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That kare their root is tbocghts of ill;
The action of the sot e TI,-
Bepeach our feet, if we wali gain
The right of eminent domain.
Bat we have feet to scale and climb
The cloudy summits of our time. The mighty pyramids of stone
That Wedge-like cleave the desert airs, When nearer seen, and better known,
Are but gigantic flights of stairs. The distant mountains, that uprear
Their solid bastions to the skies, Are crossed by pathways, that appear
As we to higher levels rise. The heights by great men reached and kept
Were not attained by sudden flight, But they, while their companions slept,
Were toiling upward in the night. Standing on what too long we bore,
With shoulders bent and downcast eyes We may discern-unseen before
A path to higher destinies.
As wholly wasted, wholly vain,
THE PHANTOM SHIP.76
Of the old Colonial time,
That is here set down in rhyme.
A ship sailed from New Haven,
And the keen and frosty airs, That filled her sails at parting,
Were heavy with good men's prayers. “O Lord ! if it be thy pleasure”
Thus prayed the old divine“ To bury our friends in the ocean,
Take them, for they are thine!” But Master Lamberton muttered,
And under his breath said he,
I fear our grave she will be!"
When the winter months were gone,
Nor of Master Lamberton. This put the people to praying
That the Lord would let them hear,
He had done with friends so dear,
It was in the month of June,
Of a windy afternoon,
A ship was seen below,
Who sailed so long ago.
Right against the wind that blew,
The faces of the crew.
Hanging tangled in the shrouds,
And blown away like clouds.
Fell slowly, one by one,
As a sea-mist in the sun!
Each said unto his friend,
And thus her tragic end.
Gave thanks to God in prayer, That, to quiet their troubled spirits,
He had sent this Ship of Air.
THE WARDEN OF THE CINQUE PORTS. A Mist was driving down the British Channel,
The day was just begun,
Streamed the red autumn sun.
And the white sails of ships;
Hailed it with feverish hips.
Were all alert that day,
When the fog cleared away.
Their cannon, through the night,
The sea-coast opposite.
On every citadel ;
That all was well.
Replied the distant forts,
And Lord of the Cinque Ports.
No drum-beat from the wall,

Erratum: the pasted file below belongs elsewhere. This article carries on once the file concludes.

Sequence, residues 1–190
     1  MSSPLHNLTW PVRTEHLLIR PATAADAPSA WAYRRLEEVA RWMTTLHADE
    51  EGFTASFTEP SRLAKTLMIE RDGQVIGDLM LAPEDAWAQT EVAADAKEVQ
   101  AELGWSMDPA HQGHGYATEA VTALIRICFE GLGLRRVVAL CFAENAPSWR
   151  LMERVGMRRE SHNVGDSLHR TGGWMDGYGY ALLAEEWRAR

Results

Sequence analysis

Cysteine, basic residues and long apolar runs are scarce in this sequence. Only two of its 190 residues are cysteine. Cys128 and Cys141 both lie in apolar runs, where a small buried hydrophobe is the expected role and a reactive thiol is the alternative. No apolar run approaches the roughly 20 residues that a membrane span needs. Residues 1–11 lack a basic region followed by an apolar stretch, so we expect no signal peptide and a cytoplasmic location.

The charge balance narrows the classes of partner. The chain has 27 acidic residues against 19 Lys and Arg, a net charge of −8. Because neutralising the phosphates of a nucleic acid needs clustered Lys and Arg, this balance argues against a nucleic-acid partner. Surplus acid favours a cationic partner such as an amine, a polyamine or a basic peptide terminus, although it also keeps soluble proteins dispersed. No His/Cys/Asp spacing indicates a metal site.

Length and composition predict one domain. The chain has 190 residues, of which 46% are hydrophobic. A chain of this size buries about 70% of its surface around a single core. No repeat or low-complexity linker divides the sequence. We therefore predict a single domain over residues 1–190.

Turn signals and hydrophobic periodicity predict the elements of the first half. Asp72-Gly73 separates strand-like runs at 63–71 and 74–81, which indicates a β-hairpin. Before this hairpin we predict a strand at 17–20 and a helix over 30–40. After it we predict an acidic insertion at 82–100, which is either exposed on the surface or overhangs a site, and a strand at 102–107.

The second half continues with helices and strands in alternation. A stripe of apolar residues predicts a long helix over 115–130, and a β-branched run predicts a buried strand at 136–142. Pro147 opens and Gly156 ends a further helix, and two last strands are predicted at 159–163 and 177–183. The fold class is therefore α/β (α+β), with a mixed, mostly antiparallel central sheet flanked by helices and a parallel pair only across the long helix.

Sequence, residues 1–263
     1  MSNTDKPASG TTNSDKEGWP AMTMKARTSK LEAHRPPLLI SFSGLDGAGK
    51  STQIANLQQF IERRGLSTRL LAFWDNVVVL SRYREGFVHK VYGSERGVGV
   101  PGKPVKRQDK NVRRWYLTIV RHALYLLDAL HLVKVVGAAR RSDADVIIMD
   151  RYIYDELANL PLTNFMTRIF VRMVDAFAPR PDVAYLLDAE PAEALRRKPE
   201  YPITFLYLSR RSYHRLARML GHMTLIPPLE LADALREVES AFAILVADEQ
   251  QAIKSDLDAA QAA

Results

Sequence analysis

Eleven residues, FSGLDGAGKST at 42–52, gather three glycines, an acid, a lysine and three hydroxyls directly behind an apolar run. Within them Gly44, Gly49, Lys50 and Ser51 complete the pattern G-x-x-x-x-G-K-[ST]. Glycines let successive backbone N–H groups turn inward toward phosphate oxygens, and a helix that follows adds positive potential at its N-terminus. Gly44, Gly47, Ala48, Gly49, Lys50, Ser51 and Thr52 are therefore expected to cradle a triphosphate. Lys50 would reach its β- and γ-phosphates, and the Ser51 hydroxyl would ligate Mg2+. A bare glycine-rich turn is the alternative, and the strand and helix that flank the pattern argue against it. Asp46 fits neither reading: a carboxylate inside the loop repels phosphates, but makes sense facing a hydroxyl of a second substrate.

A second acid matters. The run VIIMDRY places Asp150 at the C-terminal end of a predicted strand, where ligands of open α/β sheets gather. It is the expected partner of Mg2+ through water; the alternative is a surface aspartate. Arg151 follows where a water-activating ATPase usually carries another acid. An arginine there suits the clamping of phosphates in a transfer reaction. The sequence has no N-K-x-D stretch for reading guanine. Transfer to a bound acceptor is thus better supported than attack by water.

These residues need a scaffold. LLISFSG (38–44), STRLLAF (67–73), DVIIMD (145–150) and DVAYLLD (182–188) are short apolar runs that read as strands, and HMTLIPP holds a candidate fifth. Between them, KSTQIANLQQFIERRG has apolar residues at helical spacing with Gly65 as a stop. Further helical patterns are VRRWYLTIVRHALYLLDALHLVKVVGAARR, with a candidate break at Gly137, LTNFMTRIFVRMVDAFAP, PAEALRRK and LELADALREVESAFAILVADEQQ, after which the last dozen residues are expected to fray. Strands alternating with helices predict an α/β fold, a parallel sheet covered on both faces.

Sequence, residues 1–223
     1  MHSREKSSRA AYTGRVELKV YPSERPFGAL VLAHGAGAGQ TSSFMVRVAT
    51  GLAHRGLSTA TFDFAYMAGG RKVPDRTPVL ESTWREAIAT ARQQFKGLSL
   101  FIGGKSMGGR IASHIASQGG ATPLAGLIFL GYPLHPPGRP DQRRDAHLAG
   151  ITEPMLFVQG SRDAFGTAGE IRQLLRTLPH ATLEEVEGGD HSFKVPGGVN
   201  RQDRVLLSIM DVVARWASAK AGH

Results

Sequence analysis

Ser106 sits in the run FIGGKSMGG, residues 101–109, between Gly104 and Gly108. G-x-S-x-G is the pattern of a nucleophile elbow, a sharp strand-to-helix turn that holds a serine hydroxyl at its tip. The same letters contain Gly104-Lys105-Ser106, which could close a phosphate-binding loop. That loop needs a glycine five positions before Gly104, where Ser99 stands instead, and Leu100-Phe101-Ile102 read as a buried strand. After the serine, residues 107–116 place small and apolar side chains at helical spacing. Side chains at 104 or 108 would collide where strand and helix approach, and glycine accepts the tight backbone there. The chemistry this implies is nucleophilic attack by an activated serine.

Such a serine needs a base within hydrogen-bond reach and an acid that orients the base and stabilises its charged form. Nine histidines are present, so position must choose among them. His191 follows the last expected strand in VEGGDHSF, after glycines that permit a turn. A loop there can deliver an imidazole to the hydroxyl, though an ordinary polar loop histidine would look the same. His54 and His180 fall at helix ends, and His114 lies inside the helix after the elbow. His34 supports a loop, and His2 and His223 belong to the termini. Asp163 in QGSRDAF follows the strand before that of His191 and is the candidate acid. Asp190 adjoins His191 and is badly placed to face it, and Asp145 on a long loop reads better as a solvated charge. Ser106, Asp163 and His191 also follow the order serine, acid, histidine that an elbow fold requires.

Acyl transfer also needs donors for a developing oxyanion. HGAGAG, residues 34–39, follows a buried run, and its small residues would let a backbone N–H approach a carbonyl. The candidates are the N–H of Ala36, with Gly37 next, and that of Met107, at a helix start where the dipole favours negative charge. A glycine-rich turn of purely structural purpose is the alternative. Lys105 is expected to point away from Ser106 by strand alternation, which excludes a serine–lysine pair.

Awaken with its call!
The long line of the coast,
Be seen upon his post!
In sombre harness mailed,
The rampart wall has scaled,
The dark and silent room,
The silence and the gloom.
But smote the Warden hoar.
And groan from shore to shore,
Meanwhile, without, the surly cannon waited,
The sun rose bright o'erhead;
That a great man was dead.
ALL houses wherein men have lived and died
Are haunted houses. Through the open doors
With feet that make no sound upon the floors.
Along the passages they come and go,
A sense of something moving to and fro.
Invited; the illuminated hall
As silent as the pictures on the wall.
The forms I see, nor hear the sounds I hear;
All that has been is visible and clear.
Owners and occupants of earlier dates
And hold in mortmain still their old estates.
Floats like an atmosphere, and everywhere
A vital breath of more ethereal air.
By opposite attractions and desires ;
And the more noble instinct that aspires.
Of earthly wants and aspirations high,
An undiscovered planet in our sky.
Throws o'er the sea a floating bridge of light,
Into the realm of mystery and night,
A bridge of light, connecting it with this,
Wander our thoughts above the dark abyss.
IN THE CHURCHYARD AT CAMBRIDGE.
In the village churchyard she lies,
No more she breathes, nor feels, nor stirs ;
But their dust is white as hers.
And foolish pomp of this world of ours?
The richest and rarest of all dowers ?
Either of anger or of pride,
By those who are sleeping at her side
To find her failings, faults, and errors ?
In your own secret sins and terrors!
THE EMPEROR'S BIRD'S NEST.
With his swarthy, grave commanders,
Some old frontier town of Flanders,
In great boots of Spanish leather,
Cursed the Frenchmen, cursed the weather. Thus as to and fro they went,
Over upland and through hollow, Giving their impatience vent, Perched upon the Emperor's tent,
In her nest, they spied a swallow, Yes, it was a swallow's nest,
Built of clay and hair of horses, Mane, or tale, or dragoon's crest, Found on hedge-rows east and west,
After skirmish of the forces.